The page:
Rosewill RNG-407-Dualv2 Thoughts

A few weeks ago, I picked up a Rosewill RNG-407-Dualv2 for my home server. It’s a dual gigabit NIC, that Amazon had for less than $40. Thanks to Hyper-V and an Ubiquiti managed switch, I was able to quickly set up port channel, which gave me some extra speed on network operation, as well as separating my VI network traffic from my management traffic.

Since they were so affordable, I decided to pick one up for my desktop as well. My desktop runs Windows 10 Pro, with Hyper-V. I figured I’d set it up the opposite way from server, with the desktop getting the port channel 2 gbps connection, and my VM’s getting my existing onboard 1 gbps connection. Little did I know that this was going to be a bit more of a hassle.

As any decent IT guy would do, I tossed aside the provided driver CD, and jumped online to grab the latest drivers. And then the fun started.

Rosewill’s drivers installed as expected and I suddenly had two LAN interfaces as expected. However, Microsoft does not support teaming in Windows 10 natively. That was probably something I should have investigated before buying this, but what’s a home tech project that doesn’t have a few surprises?

I did some checking on Rosewill’s site, however, it was sparse on details and instructions. There was a diagnostic driver that had a folder called teaming, however attempting to install it was blocked by Windows due to incompatibilities.

At this point, I was starting to get concerned, so I decided to check with the chipset manufacturer and see what generic drivers they had. Fortunately, the network chip is a Realtek product, so they had several driver options on their website.

I download the latest Windows 10 drivers, and install. They are more recent than the Rosewill ones, so I had high initial hopes for them. Alas, there was still no way to configure teaming from the driver side.

Realtek had a diagnostic driver, so I attempted an install of that. Everything seemed great. Network cards showed up in network devices with Realtek Teaming driver, and no alerts anywhere. So, I fire up the Realtek Diagnostic Tool, and it fails with a protocol error. I do some Googling, and turn up an old driver on AsRock’s site of all places that claims teaming abilities.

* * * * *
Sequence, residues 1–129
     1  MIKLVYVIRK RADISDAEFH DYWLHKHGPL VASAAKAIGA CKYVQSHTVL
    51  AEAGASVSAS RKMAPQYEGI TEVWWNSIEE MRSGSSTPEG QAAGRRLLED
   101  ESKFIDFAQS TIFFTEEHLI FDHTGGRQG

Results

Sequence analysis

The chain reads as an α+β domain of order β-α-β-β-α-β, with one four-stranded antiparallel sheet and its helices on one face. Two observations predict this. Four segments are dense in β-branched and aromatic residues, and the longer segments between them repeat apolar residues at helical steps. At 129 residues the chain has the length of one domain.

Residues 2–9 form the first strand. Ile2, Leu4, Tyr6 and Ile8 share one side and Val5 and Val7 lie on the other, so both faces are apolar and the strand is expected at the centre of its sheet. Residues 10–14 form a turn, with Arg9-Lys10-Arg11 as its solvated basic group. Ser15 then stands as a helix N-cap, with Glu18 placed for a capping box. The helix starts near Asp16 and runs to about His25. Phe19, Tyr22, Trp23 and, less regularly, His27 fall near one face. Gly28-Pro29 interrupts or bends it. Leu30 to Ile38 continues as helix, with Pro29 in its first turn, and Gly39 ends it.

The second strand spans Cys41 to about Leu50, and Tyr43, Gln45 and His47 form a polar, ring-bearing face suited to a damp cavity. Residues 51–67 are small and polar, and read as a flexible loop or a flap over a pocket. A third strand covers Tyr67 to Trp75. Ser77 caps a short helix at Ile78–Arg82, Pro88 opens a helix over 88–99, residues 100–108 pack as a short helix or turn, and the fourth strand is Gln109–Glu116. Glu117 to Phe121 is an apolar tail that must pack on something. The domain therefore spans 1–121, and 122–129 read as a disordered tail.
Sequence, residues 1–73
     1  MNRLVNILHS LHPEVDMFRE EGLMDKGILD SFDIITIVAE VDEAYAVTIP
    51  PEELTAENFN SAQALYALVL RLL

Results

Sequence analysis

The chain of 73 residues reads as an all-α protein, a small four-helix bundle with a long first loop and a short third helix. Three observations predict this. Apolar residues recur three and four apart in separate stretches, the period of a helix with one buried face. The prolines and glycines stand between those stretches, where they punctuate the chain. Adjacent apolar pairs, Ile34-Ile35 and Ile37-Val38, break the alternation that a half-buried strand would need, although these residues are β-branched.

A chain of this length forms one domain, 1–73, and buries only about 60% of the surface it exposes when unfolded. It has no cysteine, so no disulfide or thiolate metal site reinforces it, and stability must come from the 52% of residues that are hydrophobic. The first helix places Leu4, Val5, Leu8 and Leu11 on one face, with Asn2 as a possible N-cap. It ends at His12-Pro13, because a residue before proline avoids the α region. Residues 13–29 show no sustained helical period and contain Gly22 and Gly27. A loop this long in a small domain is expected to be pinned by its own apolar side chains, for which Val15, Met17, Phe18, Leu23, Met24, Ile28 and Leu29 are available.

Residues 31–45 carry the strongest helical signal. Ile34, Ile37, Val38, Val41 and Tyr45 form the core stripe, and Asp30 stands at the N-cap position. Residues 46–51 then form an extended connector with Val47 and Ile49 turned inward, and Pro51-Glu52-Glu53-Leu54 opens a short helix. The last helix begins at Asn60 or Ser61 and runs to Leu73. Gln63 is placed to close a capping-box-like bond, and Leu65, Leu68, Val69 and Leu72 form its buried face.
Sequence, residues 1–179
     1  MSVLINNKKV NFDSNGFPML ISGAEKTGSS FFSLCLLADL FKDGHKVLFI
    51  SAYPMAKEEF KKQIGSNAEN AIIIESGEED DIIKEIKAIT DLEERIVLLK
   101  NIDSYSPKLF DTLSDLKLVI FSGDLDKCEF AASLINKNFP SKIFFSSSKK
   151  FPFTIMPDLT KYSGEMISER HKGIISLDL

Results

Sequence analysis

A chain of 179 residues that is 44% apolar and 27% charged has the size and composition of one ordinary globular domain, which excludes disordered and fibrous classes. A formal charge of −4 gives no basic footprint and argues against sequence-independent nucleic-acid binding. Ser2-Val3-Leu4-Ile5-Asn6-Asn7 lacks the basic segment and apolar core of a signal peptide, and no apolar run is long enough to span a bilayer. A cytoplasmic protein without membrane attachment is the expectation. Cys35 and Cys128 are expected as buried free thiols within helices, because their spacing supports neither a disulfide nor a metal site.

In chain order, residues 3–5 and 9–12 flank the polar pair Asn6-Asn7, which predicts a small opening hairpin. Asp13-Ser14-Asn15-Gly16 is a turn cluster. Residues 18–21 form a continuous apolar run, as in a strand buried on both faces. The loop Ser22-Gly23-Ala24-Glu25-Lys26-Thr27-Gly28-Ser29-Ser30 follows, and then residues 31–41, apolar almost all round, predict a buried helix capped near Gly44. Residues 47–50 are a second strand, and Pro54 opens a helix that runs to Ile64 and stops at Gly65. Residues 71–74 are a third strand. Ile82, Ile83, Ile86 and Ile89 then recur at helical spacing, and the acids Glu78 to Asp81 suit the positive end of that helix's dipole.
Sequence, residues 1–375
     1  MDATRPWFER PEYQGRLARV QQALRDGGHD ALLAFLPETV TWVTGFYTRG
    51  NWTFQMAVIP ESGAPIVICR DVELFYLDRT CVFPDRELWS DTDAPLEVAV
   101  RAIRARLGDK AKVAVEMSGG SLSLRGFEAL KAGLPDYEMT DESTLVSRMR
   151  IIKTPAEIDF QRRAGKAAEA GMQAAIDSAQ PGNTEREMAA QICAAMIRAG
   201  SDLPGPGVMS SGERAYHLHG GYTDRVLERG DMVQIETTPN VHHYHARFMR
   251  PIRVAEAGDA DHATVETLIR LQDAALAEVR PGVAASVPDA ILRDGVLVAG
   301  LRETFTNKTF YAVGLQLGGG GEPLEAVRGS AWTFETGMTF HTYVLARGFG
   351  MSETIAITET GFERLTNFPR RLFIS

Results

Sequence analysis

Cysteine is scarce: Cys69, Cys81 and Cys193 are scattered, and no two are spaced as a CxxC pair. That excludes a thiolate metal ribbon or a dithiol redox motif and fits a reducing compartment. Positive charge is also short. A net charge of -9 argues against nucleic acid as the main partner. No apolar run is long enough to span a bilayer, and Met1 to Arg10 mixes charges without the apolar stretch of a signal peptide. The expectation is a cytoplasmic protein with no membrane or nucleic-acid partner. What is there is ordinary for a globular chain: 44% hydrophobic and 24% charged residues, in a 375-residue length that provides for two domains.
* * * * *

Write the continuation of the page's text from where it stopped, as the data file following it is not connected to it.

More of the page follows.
Deciding that I have nothing left to lose, I download and install the driver pack. I try to load the teaming utility, and it comes right up. I am then able to set up network teaming through the rather archaic looking utility. After a quick port channel config on the switch, I’m able to get connected.

As a test, I start copying some large files to two separate systems to maximize speed. Right away, I hit 1.5gbps, which is exactly what I want to see.

For now, I’m satisfied, however, I suspect I’ll be trying the Realtek Diagnostic drivers again, since I’m not sure why those wouldn’t work, but an older AsRock driver for Realtek would.

3 thoughts on “Rosewill RNG-407-Dualv2 Thoughts”

  1. Any chance that you could provide links to the files that you downloaded that work? Apparently my google-fu isn’t up to snuff, because I’m not finding anything on asrock site that “claims teaming ability”.

    I’ve got 2 Intrel Pro1000 gig-E NICs that I’ve been using for years and years with nic teaming, and Intel is not providing support for those cards in Win10. Purchased these Rosewill RNG-407s because somewhere in the middle of a 38-page thread on Intel’s support site someone said they got these specific models to work with link aggregation/teaming in Win10.

    Appreciate any links you can provide!

  2. Hi,

    You can try the diagnostic program for Windows 10 on Realtek’s site:

    But, somehow, it only worked for me if I installed the above, followed by the Win7x64 drivers here:

    Running the diagnostic tool let me bond them then.

    Without the Win7 program, I’d get protocol errors.

    Let me know if that works for you.

  3. Well, Creator’s Update seems to have broken this. I’ll need to do some more investigation to make this work again.

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